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Sizzle and Fizzle: Highs and Lows from the Last Week in S.F. Music 

Wednesday, Jan 22 2014


Icee Hot, one of San Francisco's most forward-looking dance parties, celebrated its fourth birthday with a fantastic night at Public Works. In the upstairs loft, Floating Points weaved from jazz to Northern Soul, while Joey Anderson enveloped the main room with a subtle, surreal lead-in to Levon Vincent's peak-time explorations.

The Grammy Awards will take place this Sunday, and a party was held to honor the Bay Area's own nominees, which include Neil Young, Les Claypool, Omar Sosa, and New Age artist Laura Sullivan, among others. Our locals were nominated in 18 categories, many of which won't make it to the telecast. We wish them all luck!

DrumPants exist, and they are exactly what they sound like: wearable pads that trigger electronic drum sounds, as well as those of other instruments. This means you can now exercise your inner Neal Peart while riding Muni — and since they accept headphones, you don't have to bother your neighbors. They're real and cost $139.99, so the future is bright, y'all.


We thought the age of everyone jumping on the EDM train came and went a couple of years ago. We were wrong: East Bay indie-rapper A-Plus has a new album unsubtly titled Molly's Dirty Water, and a single whose video trades in all the sensory stimulation you can find outside of an Oracle Arena massive. It's too ineffectual to be terrible, but it's certainly not compelling.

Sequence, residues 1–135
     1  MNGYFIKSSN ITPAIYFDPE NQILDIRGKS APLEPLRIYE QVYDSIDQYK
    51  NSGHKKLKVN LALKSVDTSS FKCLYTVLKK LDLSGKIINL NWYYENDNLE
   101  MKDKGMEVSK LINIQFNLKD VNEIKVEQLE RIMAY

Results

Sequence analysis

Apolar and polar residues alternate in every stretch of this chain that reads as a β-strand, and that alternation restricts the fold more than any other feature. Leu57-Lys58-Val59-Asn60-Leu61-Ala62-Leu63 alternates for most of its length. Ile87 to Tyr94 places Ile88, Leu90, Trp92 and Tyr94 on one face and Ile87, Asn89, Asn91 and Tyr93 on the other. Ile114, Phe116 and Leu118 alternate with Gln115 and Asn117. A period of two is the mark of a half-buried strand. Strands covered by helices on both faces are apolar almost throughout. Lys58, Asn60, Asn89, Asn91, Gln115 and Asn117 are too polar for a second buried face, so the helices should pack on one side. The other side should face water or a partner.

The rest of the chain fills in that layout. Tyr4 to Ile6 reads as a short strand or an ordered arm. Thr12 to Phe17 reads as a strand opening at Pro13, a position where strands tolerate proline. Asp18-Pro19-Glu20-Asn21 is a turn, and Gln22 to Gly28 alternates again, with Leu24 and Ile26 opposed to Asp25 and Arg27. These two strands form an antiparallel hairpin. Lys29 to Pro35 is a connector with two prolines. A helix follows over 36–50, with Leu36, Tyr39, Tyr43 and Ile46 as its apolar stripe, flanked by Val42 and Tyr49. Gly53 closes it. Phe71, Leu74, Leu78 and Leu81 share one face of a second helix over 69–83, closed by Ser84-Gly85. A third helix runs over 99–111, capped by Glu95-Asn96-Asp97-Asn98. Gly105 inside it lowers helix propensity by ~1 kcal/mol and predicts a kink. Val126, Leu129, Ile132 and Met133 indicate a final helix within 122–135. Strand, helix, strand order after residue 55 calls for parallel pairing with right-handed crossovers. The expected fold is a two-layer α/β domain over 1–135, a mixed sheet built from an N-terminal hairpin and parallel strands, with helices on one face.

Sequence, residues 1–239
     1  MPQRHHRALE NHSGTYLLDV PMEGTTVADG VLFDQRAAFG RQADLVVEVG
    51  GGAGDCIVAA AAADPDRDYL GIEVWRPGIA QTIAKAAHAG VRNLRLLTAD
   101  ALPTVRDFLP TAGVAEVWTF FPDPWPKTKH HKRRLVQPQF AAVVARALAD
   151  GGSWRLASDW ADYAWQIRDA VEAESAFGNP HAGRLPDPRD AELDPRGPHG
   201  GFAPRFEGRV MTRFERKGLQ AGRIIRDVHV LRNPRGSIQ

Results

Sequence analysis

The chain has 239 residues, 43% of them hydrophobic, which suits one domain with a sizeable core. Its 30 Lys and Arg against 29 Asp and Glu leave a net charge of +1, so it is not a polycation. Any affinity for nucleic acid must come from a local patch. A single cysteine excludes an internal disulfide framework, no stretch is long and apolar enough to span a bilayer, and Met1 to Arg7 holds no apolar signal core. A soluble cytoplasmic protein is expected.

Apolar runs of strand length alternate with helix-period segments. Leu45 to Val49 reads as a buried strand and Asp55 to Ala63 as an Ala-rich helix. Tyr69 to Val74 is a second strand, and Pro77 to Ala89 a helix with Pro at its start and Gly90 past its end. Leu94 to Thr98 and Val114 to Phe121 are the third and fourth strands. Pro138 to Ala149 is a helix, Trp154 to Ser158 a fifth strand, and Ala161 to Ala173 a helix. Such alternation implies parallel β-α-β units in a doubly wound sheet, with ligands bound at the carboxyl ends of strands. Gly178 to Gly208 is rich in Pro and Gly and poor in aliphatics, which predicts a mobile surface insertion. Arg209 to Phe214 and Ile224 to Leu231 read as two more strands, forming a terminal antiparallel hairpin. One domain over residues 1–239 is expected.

We got all excited about 49ers-themed rap anthems — choosing the best five of the dozens out there — only to find our hopes crushed on Sunday. Sucks that it'll be another year before we can make a go at a sixth ring. But at least we'll have some good songs to play when we finally get it.

We all know American Idol is circling the drain — even if its season premiere last week did grab 15 million viewers — so it was funny and kinda shocking to see how much Harry Connick Jr. lights up the show. Dude told a contestant that he was really Chris Isaak, and he makes jokes about how all anyone ever looks at is Jennifer Lopez. We did not expect this — but it's still not enough to get us watching.

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Staff, SF Weekly


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